BANGKOK, Thailand - Actor David Carradine, 72, a cult idol who broke through as the willing student "Grasshopper" in the 1970s TV series Kung Fu and starred decades later as the leader of an assassin squad in Kill Bill, was found dead here yesterday. Police said he appeared to have hanged himself.
The actor was staying at the Swissotel Nai Lert Park Hotel, according to police. Mr. Carradine was in Bangkok shooting Stretch, said his manager, Chuck Binder, a thriller in which he was the sole featured American actor.
Mr. Carradine came from an acting family. His father, John, made a career playing creepy and eccentric characters in film and on stage. His brothers, Keith, Robert, and Bruce, also became actors. The actress Martha Plimpton is Keith Carradine's daughter.
"My Uncle David was a brilliantly talented, fiercely intelligent and generous man," Plimpton said yesterday. "He was the nexus of our family in so many ways, and drew us together over the years and kept us connected."
Mr. Carradine appeared in more than 100 feature films under such directors as Martin Scorsese, Ingmar Bergman, and Hal Ashby. One of his early film roles was as folksinger Woody Guthrie in Ashby's 1976 biopic Bound for Glory.
He was best known for his role as Kwai Chang Caine, a Shaolin priest traveling the 1800s American frontier West, in the TV series Kung Fu, which aired from 1972 to 1975.
"I wasn't like a TV star in those days; I was like a rock-and-roll star," Mr. Carradine said in an interview with Associated Press Radio in 1996. "It was a phenomenon kind of thing. ... It was very special."
Mr. Carradine reprised the role in a mid-1980s TV movie and played Caine's grandson in the 1990s syndicated series Kung Fu: The Legend Continues.
He returned to the top as the title character in Quentin Tarantino's two-part saga, Kill Bill. Bill, the worldly father figure of a pack of crack assassins, was a shadowy presence in 2003's Kill Bill - Vol. 1. In that film, one of Bill's former assassins (Uma Thurman) begins a vengeful rampage against her old associates, including Bill.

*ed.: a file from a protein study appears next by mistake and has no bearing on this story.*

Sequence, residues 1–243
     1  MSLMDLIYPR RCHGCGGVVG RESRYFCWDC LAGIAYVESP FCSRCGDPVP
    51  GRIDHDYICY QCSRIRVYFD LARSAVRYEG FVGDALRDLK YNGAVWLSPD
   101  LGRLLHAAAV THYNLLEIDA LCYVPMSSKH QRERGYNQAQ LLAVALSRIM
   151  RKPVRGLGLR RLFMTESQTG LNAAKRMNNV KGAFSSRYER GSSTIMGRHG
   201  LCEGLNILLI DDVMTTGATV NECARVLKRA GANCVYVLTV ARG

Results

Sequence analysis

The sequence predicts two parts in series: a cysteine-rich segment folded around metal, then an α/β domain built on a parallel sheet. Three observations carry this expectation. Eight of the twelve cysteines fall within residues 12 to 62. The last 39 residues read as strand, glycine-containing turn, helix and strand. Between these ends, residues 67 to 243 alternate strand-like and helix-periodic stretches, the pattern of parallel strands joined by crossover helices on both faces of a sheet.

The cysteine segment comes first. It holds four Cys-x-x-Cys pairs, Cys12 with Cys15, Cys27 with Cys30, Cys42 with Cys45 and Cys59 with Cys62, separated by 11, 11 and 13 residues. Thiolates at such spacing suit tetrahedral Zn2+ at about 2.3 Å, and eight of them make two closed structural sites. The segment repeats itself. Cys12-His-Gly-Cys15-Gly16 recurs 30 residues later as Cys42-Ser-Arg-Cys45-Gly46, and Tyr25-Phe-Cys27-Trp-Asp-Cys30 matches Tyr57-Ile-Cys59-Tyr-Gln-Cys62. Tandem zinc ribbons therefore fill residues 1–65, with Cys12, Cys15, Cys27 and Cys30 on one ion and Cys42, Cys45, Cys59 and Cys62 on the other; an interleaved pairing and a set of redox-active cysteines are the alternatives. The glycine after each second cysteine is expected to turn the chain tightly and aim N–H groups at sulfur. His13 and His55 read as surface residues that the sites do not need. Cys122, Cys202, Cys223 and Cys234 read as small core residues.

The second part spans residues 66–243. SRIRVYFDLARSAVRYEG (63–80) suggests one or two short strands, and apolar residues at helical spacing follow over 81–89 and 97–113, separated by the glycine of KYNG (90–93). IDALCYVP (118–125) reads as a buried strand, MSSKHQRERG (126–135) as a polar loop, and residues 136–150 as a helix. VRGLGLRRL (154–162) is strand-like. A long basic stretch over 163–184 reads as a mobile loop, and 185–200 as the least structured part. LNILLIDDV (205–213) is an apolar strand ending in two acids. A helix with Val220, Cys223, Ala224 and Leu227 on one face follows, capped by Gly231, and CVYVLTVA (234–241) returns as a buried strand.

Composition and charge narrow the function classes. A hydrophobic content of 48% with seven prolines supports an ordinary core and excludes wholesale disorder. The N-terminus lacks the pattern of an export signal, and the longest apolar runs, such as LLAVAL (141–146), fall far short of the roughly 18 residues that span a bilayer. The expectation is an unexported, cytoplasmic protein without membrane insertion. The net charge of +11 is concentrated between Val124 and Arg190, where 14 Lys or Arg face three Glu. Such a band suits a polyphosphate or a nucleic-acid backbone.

In Kill Bill - Vol. 2, released in 2004, Thurman's character catches up to Bill. The role brought Mr. Carradine a Golden Globe nomination as best supporting actor.
Bill was a contrast to Caine, the soft-spoken refugee from a Shaolin monastery, serenely spreading wisdom and battling bad guys in the Old West. Mr. Carradine left after three seasons, saying the show was repeating itself.
After Kung Fu, Mr. Carradine starred in the 1975 cult flick Death Race 2000. He starred with Liv Ullmann in Bergman's The Serpent's Egg in 1977 and with his brothers in the 1980 western The Long Riders. After the early 1980s, he spent two decades doing mostly low-budget films, until Tarantino's films.
One thing remained a constant after Kung Fu: Mr. Carradine's interest in Asian herbs, exercise, and philosophy. He wrote a personal memoir, Spirit of Shaolin, and continued to make instructional videos on martial arts.
Mr. Carradine's five marriages produced two children. He also had a son with the actress Barbara Hershey.
He talked candidly about his past alcohol and drug abuse but said he had put all that behind him.
"You're kind of out of control emotionally when you drink that much," he said in 2004. "I was quicker to anger."